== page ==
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I have a AS7265x triad spectroscopy sensor from SparkFun (link) which gives me measurements at 18 individual light wavelengths between 410nm and 940nm. The datasheet says that the FWHM of each sensor is 20nm.

How can I draw a smooth spectrum given these 18 numbers?

My approach so far is to use interpolation by radial basis functions. I tried gaussian functions with FWHM=20nm but this is what I get for an artificial signal with a constant spectrum of all ones:

enter image description here

I experimented with other radial basis functions and found that a multiquadric function gives me the best result. It produces a flat interpolation when each measurement is equal to one. However, it looks strange at frequencies below the lowest measured frequency and above the highest one:

enter image description here

I fix this by requiring the lines at both ends to decrease to zero as gaussians with FWHM=20nm and amplitudes equal to the values measured at 410nm and 940nm.

Also, sometimes this interpolation shows negative values, for example, when only a single measurement is one, and all other are zeros:

enter image description here

I fix it by simply putting the values of the spectrum to zero where it is negative.

I tested it with a few LEDs, and I am getting spectra from them that look realistic. However, I have a feeling that my approach has too many quick fixes. My code and LED spectra are here.

Is what I am doing an acceptable way to draw a spectrum from a limited number of sensors that don't densely cover the whole range of frequencies? If not, how to do it correctly?

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  • $\begingroup$ Great gadget! My first question is what is your goal. A spectrum analyzer or a color analyzer? They are radically different creatures. As a color analyzer your in pretty easy territory. As a spectrum analyzer, you have to line up a requirements list/document. In the blind concerning spectrum and no prior requirements, I would use cubic-spines for interpolation. Be aware that there are significant improvements, knots, for the basic cubic-spline available. Spreading the tie points to acknowledge the finite width of tie points, I would have to think about. $\endgroup$ – rrogers Jul 30 at 20:19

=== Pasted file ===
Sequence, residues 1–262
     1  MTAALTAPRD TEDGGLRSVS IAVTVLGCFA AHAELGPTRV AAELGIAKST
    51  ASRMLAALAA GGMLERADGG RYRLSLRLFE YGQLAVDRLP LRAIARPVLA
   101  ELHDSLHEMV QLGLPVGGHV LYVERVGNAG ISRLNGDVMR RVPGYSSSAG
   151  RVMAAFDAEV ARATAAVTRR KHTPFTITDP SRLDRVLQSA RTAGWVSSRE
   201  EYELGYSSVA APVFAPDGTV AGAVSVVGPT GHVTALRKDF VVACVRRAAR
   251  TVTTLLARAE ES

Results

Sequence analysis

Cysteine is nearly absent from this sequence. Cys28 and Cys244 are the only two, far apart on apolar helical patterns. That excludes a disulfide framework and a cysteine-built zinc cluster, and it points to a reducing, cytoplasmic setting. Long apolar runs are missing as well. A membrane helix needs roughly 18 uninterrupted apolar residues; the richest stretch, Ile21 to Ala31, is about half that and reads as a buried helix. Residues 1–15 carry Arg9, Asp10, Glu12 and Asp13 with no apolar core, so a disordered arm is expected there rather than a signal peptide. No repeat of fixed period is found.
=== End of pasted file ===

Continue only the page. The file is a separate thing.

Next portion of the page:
• $\begingroup$ @rrogers Currently I want to get spectra from some fluorescent material. I would like just smooth, nicely looking spectra given the accuracy of this device. After that I want to play with this toy more and see what I can get out of it. I tried natural cubic splines with scipy they work quite well. They just interpolated peak signals a teeny-weeny worse than multiquadric RBF, so I chose the latter. $\endgroup$ – Vladislav Gladkikh Jul 31 at 4:40
  • $\begingroup$ "fluorescent " ! What a great application; at least for mineral identification! i.e. I was looking at fluo.mineralogie.be/SpectraSilicates.html Willemite & calcite section. My previous work was gas spectral analysis in the NIR region and so isn't directly applicable but ... Unfortunately, this comment is off-topic and I don't want the HALL-MONITORS dinging me yet again. But for material identification you have to think well beyond just having a flat spectral response; like including the first derivative (or some such). $\endgroup$ – rrogers Jul 31 at 14:10
  • $\begingroup$ I still favour cubic-spline; but lacking applications/requirements I can't justify that. In any case: Rule #1 don't mislead the user. They really hate that; particularly if it leads them down the wrong path and hours/days of work. Or in my case; leads them to convincing management of something that one has to attempt to retract while maintaining a shred of diginity/respect. $\endgroup$ – rrogers Jul 31 at 14:14

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